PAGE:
And what other cover-ups might there have been that we actually know about. Not just friendly fire incidents. I mean friendly-fire wise could Jackson being shot by his own men have been tried to be covered up but there were simply too many soldiers and word spread so the cover-up died before it was even really put into action. Or what about blunders where some political officer's actions maybe got themselves and their men killed and the politicians then tried a cover-up that placed the blame on some other officer.



 Posted: Mon Jun 13th, 2011 03:22 am
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Texas Defender
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Tim K-

  Pat Tillman was killed in 2004, and his death was initially reported to have been from enemy fire. But the lid soon came off that explanation, and investigations concluded that his death was due to friendly fire. In fact, the final verdict was that no enemy forces were firing at friendly troops, and two groups of allied soldiers fired on each other after an explosive device detonated nearby.

Last edited on Mon Jun 13th, 2011 03:25 am by Texas Defender



 Posted: Mon Jun 13th, 2011 04:15 am
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Hellcat-

  As I remember the Jackson incident at Chancellorsville, General Jackson was riding with his staff after dark, and the party was challenged by the NC troops. A NC officer (Thought to be Major John D. Barry) gave the order to fire, and some men and horses riding behind the general were hit.

  The story goes that one of Jackson's aides rode forward shouting for the NC troops to stop firing, that they were firing on friendly troops. Supposedly, one of the NC troops (Perhaps the same Major Barry) said something like: "It is a lie. Pour it to them." The NC troops opened fire again, and General Jackson was then hit.

  Speaking of friendly fire incidents in general, there could be a number of reasons why they might not become known immediately, or even at all. In some cases, the friendly casualties might be thought to have been caused by enemy fire. There might never be an investigation, or the truth might come out later due to a subsequent investigation when more facts are known. In other cases, an: "Official version" of an incident might be put out by higher authorities, and those involved might decide that it is more prudent to say nothing about it.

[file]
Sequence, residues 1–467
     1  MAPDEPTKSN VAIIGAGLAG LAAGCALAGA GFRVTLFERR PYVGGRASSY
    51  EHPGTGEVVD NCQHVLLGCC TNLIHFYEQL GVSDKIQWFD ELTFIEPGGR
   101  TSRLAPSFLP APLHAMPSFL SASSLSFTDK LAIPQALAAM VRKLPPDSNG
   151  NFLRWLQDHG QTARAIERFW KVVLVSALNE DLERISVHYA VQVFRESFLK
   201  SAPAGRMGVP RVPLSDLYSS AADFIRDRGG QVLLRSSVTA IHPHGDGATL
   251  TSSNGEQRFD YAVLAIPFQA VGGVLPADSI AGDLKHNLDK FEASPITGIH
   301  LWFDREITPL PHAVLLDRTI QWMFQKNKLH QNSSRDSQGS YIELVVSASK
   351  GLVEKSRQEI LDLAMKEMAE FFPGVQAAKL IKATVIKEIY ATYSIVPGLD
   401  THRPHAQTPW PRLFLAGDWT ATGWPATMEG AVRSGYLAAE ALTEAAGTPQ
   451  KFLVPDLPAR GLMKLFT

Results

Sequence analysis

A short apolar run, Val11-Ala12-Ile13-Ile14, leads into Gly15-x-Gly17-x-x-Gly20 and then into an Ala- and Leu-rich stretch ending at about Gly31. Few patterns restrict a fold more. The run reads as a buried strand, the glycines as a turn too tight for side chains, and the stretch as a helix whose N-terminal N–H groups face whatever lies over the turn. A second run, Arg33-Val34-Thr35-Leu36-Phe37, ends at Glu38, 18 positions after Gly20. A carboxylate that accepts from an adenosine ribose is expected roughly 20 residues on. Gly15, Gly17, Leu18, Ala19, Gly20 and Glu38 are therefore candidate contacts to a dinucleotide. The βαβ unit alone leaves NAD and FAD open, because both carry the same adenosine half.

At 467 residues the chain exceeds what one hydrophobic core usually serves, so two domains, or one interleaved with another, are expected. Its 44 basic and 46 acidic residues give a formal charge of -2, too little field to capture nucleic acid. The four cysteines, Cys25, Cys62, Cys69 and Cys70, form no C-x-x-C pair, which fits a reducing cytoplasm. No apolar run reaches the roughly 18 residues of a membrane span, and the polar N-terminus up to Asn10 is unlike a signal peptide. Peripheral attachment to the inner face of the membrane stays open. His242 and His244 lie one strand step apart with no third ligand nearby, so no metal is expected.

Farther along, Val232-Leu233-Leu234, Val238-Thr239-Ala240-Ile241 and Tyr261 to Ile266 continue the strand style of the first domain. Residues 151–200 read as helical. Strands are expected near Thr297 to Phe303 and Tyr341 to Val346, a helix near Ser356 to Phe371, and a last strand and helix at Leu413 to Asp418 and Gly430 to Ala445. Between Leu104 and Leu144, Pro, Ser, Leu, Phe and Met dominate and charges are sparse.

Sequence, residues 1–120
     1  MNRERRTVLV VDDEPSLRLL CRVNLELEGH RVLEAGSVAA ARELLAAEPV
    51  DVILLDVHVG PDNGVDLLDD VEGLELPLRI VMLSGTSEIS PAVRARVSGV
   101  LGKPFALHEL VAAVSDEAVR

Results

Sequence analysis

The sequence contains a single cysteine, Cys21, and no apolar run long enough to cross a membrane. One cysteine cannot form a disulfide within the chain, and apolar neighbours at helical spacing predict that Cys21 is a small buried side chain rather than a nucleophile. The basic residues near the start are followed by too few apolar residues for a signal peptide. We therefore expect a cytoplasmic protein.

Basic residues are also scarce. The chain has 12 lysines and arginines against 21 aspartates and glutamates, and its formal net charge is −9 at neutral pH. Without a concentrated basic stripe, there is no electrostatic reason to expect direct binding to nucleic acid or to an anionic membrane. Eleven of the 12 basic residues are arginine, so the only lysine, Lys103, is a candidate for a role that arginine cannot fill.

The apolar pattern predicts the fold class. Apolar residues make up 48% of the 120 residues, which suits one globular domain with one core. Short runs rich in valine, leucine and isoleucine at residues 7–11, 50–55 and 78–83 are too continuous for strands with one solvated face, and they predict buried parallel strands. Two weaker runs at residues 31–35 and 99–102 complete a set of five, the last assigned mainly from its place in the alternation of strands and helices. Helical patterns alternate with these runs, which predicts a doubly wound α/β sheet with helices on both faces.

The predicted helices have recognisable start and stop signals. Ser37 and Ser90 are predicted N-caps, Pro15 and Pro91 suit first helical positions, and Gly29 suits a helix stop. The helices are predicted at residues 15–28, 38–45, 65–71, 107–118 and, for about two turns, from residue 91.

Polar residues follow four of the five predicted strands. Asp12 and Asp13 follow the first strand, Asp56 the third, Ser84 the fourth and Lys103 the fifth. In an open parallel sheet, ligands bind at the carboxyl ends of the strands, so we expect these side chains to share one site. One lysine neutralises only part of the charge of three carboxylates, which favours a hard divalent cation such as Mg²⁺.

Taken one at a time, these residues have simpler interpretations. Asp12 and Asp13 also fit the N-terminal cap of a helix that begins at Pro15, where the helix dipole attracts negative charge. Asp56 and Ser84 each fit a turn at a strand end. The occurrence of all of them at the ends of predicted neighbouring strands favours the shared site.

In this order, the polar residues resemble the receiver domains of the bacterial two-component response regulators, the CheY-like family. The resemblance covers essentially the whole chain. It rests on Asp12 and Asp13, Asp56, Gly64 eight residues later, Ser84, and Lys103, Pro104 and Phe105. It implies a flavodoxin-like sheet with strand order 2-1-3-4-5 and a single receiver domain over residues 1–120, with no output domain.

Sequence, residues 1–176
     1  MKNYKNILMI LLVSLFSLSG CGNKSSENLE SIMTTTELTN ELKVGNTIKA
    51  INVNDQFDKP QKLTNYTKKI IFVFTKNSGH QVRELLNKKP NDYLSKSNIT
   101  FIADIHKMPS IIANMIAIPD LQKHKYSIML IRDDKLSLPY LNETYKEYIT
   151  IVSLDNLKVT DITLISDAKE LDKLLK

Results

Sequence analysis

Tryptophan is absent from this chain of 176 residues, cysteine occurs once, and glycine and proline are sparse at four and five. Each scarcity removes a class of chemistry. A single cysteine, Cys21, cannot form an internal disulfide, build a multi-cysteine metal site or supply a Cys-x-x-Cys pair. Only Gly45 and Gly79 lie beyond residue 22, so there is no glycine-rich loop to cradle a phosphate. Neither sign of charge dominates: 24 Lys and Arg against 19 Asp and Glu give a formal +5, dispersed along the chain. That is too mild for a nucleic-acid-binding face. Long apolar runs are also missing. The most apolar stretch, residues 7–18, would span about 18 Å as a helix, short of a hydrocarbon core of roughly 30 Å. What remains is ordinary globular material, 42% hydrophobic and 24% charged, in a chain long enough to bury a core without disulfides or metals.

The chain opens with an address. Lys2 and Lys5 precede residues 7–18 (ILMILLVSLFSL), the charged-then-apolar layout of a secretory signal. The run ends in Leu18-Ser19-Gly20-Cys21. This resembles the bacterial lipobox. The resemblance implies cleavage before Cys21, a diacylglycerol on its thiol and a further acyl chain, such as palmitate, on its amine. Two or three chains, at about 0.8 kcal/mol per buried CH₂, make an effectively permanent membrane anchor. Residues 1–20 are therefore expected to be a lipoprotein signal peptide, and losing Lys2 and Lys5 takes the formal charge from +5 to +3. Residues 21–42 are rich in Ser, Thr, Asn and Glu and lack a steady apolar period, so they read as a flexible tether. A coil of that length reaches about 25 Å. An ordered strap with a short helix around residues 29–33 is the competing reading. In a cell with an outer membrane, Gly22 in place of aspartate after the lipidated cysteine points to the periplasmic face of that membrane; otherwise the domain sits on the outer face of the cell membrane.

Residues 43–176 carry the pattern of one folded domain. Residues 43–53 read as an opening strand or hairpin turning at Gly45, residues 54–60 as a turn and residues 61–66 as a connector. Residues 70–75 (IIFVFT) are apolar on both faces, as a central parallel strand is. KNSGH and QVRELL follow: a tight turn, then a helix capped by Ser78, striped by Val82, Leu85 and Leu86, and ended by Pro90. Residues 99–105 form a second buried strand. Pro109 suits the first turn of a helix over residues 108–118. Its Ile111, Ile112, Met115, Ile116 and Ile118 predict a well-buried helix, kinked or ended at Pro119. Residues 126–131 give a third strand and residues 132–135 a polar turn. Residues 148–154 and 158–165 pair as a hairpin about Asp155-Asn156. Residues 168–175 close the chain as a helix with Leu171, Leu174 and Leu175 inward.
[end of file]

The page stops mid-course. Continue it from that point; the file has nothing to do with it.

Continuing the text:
In some cases, the principal parties to the action might be casualties themselves, and either the entire truth isn't known to others, or the more convenient story to put out is that the casualties were caused by the enemy. As the saying goes: "Dead men tell no tales." An: "Official version" might then be established and maintained.

  In some cases, higher authority might know what really happened and might decide that it should be covered up due to the adverse consequences for those involved if the truth became known. The truth might be thought to be damaging to morale, and that keeping it secret might be advisable: "For the good of the service." Or that might just be the rationalization for putting the coverup into operation.

 

Last edited on Mon Jun 13th, 2011 04:31 am by Texas Defender



 Posted: Mon Jun 13th, 2011 04:53 am
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Hellcat